A high level delegation from India held meetings in Israel yesterday, to advance cooperation on the renewable energy front. The Jerusalem Post reported on the events in two articles.
The meetings included representatives from both the Indian and Israeli governments, as well as leaders from around 50 Israeli renewable energy companies. India is an enormous country where 400 million people still lack access to electricity, and despite already relying on renewable sources for 6 percent of its 200-gigawatt power supply, the country still depends on oil for the vast majority of its energy needs, according to Ashwani Kumar, a solar energy scientist at the New and Renewable Energy Ministry of India.
“Israel is a start-up nation, and both the people and the country are known for innovation,” said Vani Rao, charge d’affaires at the Indian Embassy in Tel Aviv. “India has put energy security on the top of its agenda.”
To this effect, Gireesh Pradhan, secretary of India’s New and Renewable Energy Ministry, commented, “As we complete 20 years as an embassy, we are thinking of what we can do together [with the Israeli government] in the future,” Rao said. “One of the areas we have identified is renewable energy.”
In India, there are bounds of land that could be put to no use other than building solar fields, as well as a vast array of other renewable energy opportunities, and Pradhan said he believes that Israeli technology and ideas should be employed in consonance with this advantage.
“Israel has the ability to innovate under very trying circumstances,” Pradhan said. “The constraints that your country has faced and the ability to deal with these constraints and produce out-of-the-box solutions are well known.”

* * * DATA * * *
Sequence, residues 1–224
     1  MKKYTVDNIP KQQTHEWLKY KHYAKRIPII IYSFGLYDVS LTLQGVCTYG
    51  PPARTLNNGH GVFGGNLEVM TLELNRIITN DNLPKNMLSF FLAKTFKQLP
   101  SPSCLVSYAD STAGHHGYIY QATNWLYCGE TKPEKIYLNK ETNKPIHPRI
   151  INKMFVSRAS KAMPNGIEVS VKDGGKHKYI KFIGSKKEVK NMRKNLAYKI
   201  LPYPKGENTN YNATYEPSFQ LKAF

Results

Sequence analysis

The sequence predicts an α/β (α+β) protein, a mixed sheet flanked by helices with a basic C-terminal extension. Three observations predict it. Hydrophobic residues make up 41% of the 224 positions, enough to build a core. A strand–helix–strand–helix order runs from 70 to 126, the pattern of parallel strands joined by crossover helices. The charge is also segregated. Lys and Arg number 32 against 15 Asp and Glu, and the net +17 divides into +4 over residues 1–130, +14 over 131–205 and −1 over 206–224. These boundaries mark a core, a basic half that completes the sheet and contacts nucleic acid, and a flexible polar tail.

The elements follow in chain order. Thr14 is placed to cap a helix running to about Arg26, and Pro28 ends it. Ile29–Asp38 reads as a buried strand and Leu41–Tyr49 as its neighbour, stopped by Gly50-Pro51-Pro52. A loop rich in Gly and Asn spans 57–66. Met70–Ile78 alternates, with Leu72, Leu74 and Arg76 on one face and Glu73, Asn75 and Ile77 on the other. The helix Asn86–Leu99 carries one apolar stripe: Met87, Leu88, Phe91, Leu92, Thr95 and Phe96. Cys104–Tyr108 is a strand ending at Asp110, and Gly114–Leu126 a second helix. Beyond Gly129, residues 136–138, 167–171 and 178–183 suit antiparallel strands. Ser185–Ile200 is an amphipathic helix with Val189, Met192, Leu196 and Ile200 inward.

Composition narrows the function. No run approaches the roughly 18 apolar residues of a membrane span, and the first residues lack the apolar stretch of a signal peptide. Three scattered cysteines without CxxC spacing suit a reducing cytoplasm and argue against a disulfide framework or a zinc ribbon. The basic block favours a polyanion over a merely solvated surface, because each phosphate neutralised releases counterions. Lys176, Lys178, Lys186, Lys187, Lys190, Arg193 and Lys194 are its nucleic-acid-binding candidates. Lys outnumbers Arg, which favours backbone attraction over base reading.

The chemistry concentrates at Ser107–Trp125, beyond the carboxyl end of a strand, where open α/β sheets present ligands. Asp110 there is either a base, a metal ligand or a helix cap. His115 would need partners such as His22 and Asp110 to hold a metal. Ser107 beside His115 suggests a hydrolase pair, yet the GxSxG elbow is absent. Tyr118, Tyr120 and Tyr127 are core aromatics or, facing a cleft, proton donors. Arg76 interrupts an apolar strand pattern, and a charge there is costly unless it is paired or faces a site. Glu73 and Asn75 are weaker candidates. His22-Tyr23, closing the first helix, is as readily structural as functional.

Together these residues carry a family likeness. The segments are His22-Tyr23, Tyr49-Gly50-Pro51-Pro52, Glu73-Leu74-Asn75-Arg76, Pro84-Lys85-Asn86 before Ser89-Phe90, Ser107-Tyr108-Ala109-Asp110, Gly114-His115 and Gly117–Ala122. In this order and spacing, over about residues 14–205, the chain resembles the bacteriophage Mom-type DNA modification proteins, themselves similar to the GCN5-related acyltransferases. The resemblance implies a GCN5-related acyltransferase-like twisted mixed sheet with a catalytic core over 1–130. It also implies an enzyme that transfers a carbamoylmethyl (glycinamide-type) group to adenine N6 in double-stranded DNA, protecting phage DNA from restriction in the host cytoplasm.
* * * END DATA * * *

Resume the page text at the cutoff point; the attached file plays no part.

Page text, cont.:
Yifat Inbar, manager of the India-China desk and director of the Foreign Trade Administration at the Industry, Trade and Labor Ministry, assured the business people and entrepreneurs sitting around the table that her ministry was there to help them take up such opportunities.
Her office, she explained, would be helping forge dialogues, ease access the Indian market, get in touch with local players and generally “facilitate that connection which we know is very difficult to make.”
Placing a great value on Israel and India’s trade that continues to improve and flourish, Inbar attributed Israel’s ability to largely evade the world financial crisis in part to its success in trading with Asian countries such as India. Currently, the two governments are in the process of negotiating an agreement to reduce customs levels between the two nations in order to bring about free trade, she said.
Innovators and business people from all sides of the renewable energy industry presented themselves to the Indian delegation, eager to create partnerships and bring their technologies to the subcontinent.
Representatives attended from defense company Rafael, which is developing technology for fuel substitutes; energy storage startup EnStorage; photovoltaic field developer Arava Power Company; solar-thermal firms Ener-T Global and HelioFocus; solar panel enhancer SolarEdge; and from all corners of the solar, wind, biomass and capital investment industries.
The Jerusalem Post also reported that during the visit Gireesh Pradhan met with his counterpart in the Energy and Water Ministry, director-general Shaul Zemach, and the two have nearly finalized an official memorandum of understanding between the two countries. This memorandum will give both sides a platform to build business-to-business relationships, encourage partnerships among scientific research organizations and catalyze government- to-government interaction with regular, set meeting times, Pradhan explained.
“The MoU gives you a platform, an overarching umbrella, which will allow you to take forward all these initiatives,” he said.
Source: Israel New Tech